A decrease in the number of red blood cells or hemoglobin in the blood. This leads to a decrease in the amount of oxygen getting to the cells. Symptoms include fatigue and pallor.
Immature blood cells usually found only in the bone marrow.
In leukemias, precursor cells such as blasts are often found in the peripheral blood. It is important to differentiate these cells to help determine the type of leukemia and treatment. Most of the time the blast type can be accurately predicted based on morphology alone. The key features are the chromatin pattern and the character of the cytoplasm. Lymphoblasts and myeloblasts generally have round to oval nuclei with nucleoli; however, the chromatin of lymphoblasts is coarse with a tendency to aggregate into masses. In contrast, myeloblasts have fine, delicate chromatin.
Special characteristics of the capillary walls of the brain that prevent potentially harmful substances from moving out of the bloodstream into the brain or cerebrospinal fluid.
The removal or destruction of the healthy myelin sheath surrounding nerve tissue.
Direct Antigen Test
The direct antigen test uses immunologic laboratory procedures to detect the presence of an antigen (in this case a specific component of the bacterial cell), in the spinal fluid of the patient. This test method has several advantages: One, it is generally very specific as to the type of organism present. Two, it is rapid and greatly assists the physician in making a diagnosis, and hence prescribing the correct therapy. For a more detailed explanation, click here.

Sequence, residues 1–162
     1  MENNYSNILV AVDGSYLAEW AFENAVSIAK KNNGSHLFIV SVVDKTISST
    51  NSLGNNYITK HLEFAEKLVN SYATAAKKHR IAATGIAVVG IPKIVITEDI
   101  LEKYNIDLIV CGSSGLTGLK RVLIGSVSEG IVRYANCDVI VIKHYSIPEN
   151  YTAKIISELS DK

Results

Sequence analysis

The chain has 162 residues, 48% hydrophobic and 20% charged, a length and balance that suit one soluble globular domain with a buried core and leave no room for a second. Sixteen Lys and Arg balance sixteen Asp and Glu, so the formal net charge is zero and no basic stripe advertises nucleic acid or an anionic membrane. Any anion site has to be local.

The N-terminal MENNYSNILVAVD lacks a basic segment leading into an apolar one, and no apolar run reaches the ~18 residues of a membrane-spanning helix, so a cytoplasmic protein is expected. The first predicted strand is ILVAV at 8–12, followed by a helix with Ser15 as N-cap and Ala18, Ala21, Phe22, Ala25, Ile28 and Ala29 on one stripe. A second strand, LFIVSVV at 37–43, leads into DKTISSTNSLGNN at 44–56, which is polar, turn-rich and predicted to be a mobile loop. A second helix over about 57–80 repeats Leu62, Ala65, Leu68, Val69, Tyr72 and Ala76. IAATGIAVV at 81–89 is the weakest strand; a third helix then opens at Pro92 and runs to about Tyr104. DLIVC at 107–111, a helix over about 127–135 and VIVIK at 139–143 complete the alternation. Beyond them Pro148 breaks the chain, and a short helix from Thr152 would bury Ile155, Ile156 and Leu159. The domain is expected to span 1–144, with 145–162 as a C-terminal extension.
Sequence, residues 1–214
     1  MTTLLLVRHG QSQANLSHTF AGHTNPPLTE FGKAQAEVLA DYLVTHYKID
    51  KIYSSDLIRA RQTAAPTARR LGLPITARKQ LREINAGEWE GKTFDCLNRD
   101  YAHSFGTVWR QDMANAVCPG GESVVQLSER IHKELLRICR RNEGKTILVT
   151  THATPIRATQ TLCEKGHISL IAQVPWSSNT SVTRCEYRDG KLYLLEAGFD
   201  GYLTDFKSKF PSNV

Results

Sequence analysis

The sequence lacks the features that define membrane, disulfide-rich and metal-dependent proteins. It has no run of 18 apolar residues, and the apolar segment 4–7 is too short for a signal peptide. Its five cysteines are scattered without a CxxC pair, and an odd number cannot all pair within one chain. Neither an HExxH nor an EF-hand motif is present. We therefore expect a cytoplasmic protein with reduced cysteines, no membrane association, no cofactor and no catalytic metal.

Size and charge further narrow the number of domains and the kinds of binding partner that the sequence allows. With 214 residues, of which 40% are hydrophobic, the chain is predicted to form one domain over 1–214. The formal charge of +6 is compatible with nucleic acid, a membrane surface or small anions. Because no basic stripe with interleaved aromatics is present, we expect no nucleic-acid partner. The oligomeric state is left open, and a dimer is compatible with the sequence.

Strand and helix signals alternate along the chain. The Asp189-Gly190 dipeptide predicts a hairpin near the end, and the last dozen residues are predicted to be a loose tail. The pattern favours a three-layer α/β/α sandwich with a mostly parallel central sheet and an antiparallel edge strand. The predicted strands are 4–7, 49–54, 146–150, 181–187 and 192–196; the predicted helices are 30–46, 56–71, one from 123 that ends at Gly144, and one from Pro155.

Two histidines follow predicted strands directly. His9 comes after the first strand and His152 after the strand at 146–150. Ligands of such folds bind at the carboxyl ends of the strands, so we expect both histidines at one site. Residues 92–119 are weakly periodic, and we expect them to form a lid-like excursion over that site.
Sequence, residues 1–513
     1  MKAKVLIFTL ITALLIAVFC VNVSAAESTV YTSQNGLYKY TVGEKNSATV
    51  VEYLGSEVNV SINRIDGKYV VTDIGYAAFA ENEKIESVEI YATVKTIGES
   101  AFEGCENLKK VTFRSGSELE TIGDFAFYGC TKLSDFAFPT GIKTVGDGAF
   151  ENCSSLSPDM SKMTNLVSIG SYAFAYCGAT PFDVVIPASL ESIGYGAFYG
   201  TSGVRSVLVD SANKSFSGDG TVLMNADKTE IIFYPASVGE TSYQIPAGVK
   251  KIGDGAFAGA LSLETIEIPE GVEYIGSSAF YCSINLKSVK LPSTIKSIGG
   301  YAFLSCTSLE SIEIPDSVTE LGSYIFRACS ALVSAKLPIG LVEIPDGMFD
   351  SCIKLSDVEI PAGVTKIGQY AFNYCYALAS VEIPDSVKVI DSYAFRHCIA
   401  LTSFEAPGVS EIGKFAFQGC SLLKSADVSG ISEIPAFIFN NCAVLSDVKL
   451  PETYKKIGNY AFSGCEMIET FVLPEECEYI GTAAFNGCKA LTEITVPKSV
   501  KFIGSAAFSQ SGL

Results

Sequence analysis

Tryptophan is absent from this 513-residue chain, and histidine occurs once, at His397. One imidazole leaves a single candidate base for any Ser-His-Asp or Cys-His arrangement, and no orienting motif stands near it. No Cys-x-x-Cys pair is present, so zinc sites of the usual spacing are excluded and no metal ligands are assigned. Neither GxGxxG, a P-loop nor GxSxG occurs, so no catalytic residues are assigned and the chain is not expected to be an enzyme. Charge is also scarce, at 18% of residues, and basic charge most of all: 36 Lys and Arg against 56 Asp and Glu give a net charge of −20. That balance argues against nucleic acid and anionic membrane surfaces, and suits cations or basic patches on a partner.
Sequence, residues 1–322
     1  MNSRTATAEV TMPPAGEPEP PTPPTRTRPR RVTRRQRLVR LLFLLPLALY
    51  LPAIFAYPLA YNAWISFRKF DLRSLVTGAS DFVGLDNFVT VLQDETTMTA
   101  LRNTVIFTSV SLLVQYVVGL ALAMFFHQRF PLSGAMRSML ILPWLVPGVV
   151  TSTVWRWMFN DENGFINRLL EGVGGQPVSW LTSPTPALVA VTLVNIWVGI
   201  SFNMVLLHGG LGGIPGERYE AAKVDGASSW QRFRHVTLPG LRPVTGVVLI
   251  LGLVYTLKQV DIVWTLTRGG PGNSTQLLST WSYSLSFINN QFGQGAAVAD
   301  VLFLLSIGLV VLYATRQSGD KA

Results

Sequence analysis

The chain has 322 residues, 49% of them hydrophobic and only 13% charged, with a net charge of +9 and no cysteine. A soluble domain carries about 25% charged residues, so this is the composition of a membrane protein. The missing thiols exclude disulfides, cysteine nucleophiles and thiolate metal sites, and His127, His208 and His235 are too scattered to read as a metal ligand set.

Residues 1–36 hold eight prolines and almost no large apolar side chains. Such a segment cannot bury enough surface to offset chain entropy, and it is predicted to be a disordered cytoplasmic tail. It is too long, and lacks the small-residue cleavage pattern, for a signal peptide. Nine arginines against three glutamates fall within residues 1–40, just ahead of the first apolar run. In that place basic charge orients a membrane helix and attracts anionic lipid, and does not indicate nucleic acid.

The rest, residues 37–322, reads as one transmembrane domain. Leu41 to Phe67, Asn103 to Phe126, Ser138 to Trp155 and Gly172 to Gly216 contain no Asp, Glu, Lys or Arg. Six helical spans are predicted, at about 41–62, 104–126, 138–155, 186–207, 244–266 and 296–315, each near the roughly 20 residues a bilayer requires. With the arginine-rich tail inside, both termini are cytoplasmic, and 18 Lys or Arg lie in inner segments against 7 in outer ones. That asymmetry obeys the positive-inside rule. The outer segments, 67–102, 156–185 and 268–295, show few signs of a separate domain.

Secretion and passage of large amounts of urine.
Difficult or labored breathing.
Swelling caused by fluid retention in the tissues of the body
Endemic (as applied to diseases)
As it refers to microbiological diseases, when an organism persists in a large population in a subclinical (asymptomatic) state, it is said to be endemic to that area. As with hepatitis A, regions where food and drink may be contaminated with human feces, large numbers of people have a high potential for exposure. Some will develop symptoms and some will be carriers without symptoms.
An increase in the severity of a disease. An increase in the signs and symptoms of a disease. In asthma, an exacerbation is an asthma attack.
Blood that has accumulated inside a joint due to hemorrhage from injury.
Severe bleeding, either internally or externally.
A process whereby bleeding is stopped
An increased number of cells in any location but especially in the bone marrow.
An abnormal increase in the volume of circulating blood.
An immune system unable to respond to pathogens or tissue damage. This may be due to disease, immunosuppressive drugs, or a genetic disorder.
Although many complex factors surround the definition of infectious disease, some generalizations can be made. An infection can be defined as a state in which microorganisms, bacteria, viruses, fungi and parasites, survive and reproduce in the host's tissues. In many instances no noticeable changes (or symptoms) are apparent. When the organism produces sufficient tissue damage through many different mechanisms, the definition of infectious disease then applies. As in hepatitis, liver cells are invaded and damaged by the virus. Symptoms then result and the cause can be determined through clinical examination and laboratory tests.